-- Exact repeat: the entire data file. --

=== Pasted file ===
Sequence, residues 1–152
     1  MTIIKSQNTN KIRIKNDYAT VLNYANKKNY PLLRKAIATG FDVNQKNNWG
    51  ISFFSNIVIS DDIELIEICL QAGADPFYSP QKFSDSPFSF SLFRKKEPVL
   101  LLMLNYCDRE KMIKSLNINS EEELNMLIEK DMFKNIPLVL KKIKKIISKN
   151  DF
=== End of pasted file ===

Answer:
Sequence, residues 1–152
     1  MTIIKSQNTN KIRIKNDYAT VLNYANKKNY PLLRKAIATG FDVNQKNNWG
    51  ISFFSNIVIS DDIELIEICL QAGADPFYSP QKFSDSPFSF SLFRKKEPVL
   101  LLMLNYCDRE KMIKSLNINS EEELNMLIEK DMFKNIPLVL KKIKKIISKN
   151  DF